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Last Updated: Wednesday, 26 November, 2003, 14:37 GMT
Hereditary peers facing Lords axe
The House of Lords
The first stage of Lords reform was back in 1999
The last hereditary peers will be removed from the House of Lords under plans unveiled in the Queen's speech.

In a move which would strip novelist Lord Archer of his peerage, peers convicted of a criminal offence would also be disqualified from the Lords.

Other constitutional changes promised in the speech are a Supreme Court and a new commission to appoint judges.

Those measures would wind up the post of lord chancellor, who currently acts as both judge and cabinet minister.

'Ending patronage'

Lords reform is seen by ministers as unfinished business after they removed all but 92 hereditary peers from the House of Lords in 1999.

But both MPs and peers failed to agree on seven options for the second stage of reform, ranging from a completely appointed second chamber to an all-elected one.

On Wednesday, the Queen said: "Legislation will be brought forward to reform the House of Lords.

"This will remove hereditary peers and establish an independent Appointments Commission to select non-party members of the Upper House."

Whitehall officials say the bill would end centuries of government patronage and substantially reduce the prime minister's powers.

The plans to rid the Lords of the remaining hereditary peers will face stiff opposition.

Former Commons leader Robin Cook said having an all-appointed House was an "affront" which would not be acceptable to the public outside.

Appointments commission

In a move which could give government opponents a majority in the Lords, the Liberal Democrats have warned ministers not to count on their backing.

Lib Dem spokesman Paul Tyler said ministers had spent last week attacking unelected peers for holding up legislation and should now meet their promise to make the Lords democratic.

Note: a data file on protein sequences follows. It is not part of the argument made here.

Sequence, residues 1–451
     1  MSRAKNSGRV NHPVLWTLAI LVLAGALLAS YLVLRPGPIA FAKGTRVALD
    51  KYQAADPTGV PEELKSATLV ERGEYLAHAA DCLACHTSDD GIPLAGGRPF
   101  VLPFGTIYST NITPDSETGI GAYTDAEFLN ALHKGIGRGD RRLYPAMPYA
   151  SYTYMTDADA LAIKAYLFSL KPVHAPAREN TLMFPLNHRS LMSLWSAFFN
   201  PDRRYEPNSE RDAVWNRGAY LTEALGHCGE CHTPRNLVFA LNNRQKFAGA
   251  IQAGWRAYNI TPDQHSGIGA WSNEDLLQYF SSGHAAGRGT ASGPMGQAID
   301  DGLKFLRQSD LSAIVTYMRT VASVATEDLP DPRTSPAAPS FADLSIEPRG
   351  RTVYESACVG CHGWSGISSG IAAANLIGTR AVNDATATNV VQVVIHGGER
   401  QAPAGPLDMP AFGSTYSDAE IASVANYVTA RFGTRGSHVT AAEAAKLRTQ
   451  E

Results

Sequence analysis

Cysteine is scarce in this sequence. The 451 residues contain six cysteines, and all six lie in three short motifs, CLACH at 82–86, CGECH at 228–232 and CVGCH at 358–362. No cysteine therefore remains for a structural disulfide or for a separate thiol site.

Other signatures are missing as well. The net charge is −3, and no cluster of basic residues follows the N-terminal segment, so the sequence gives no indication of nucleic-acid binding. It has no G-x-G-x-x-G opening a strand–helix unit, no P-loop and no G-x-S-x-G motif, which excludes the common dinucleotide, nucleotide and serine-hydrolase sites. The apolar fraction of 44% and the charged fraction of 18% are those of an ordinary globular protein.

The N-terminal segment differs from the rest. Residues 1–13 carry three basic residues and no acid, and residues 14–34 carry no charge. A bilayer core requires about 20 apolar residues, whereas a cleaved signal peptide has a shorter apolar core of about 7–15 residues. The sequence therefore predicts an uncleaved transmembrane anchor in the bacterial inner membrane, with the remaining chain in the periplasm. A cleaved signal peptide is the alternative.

"The pathetic little bill they now intend will do nothing of the sort, and is likely to be defeated," he said.

Former Tory Lords leader Lord Salisbury, previously known as Viscount Cranborne, suggested Tony Blair had reneged on his promise to decide on the final shape of the reformed House before removing the last hereditaries.

But Commons leader Peter Hain said that was untrue and said options for an elected element in the Lords had not won majority support from MPs.

Convicted peers

Alex Runswick, policy officer at Charter88, said: "The Queen's Speech reiterated the government's commitment to bringing democracy to Afghanistan and Iraq, but not to the House of Lords."

Lord Archer
Lord Archer was jailed for perjury

The promised new Appointments Commission could also prompt controversy.

It will be able to vet party political nominations - but it is thought it will only be able to bar them on grounds of corruption, not their suitability to for the job.

The plans to strip peers convicted of a criminal offences is being seen as directed against former Conservative vice-chairman Lord Archer.

They would put the Lords in line with the rules governing MPs.

The move will be retrospective but Lord Chancellor Lord Falconer earlier this year denied claims it was "vindictive".

He said: "As a point of principle, should somebody who's been convicted of a criminal offence and sentenced to a year or more in prison be somebody who should sit in Parliament?"

Historic post

Lord Falconer is set to be the last ever lord chancellor - a post that has survived for 1,400 years.

The announcement in the June reshuffle that the post was to be axed was branded a "botch" by Tony Blair's opponents, especially as there had been no consultation.

A Judicial Appointments Commission will take his place in choosing judges.

And law lords will now sit in a new Supreme Court, rather than in the House of Lords.

Independence warnings

The court will be the last resort for appeals, as well as resolving any devolution disputes between Westminster and the Welsh Assembly, Scottish Parliament and Northern Ireland Assembly.

Under plans already published, the 15 commission members - five judges, five lawyers and five lay members - would be appointed by open competition.

A Whitehall official said: "Whilst all appointments would continue to be made strictly on merit, the commission would seek to make the judiciary better reflect the community it serves."

The government argues the changes will strengthen the independence of Britain's courts and move towards a European-style separation of the powers of government, Parliament and judiciary.

But the most senior judge in England and Wales, Lord Woolf, has warned judges independence could be at risk without the lord chancellor as their champion in the cabinet.

Although there has now been a consultation process, Lord Woolf also complained that judges' views were not sought in advance.

One last aspect of the Constitutional Reform Bill will be a framework for reforming the QC system for top barristers, although this will depend on the outcome of the current review.

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